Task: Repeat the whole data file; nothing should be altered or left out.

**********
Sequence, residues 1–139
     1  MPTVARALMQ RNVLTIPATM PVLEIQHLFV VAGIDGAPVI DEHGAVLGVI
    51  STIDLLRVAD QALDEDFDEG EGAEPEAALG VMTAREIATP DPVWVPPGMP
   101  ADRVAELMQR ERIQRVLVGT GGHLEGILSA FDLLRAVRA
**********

Sequence, residues 1–139
     1  MPTVARALMQ RNVLTIPATM PVLEIQHLFV VAGIDGAPVI DEHGAVLGVI
    51  STIDLLRVAD QALDEDFDEG EGAEPEAALG VMTAREIATP DPVWVPPGMP
   101  ADRVAELMQR ERIQRVLVGT GGHLEGILSA FDLLRAVRA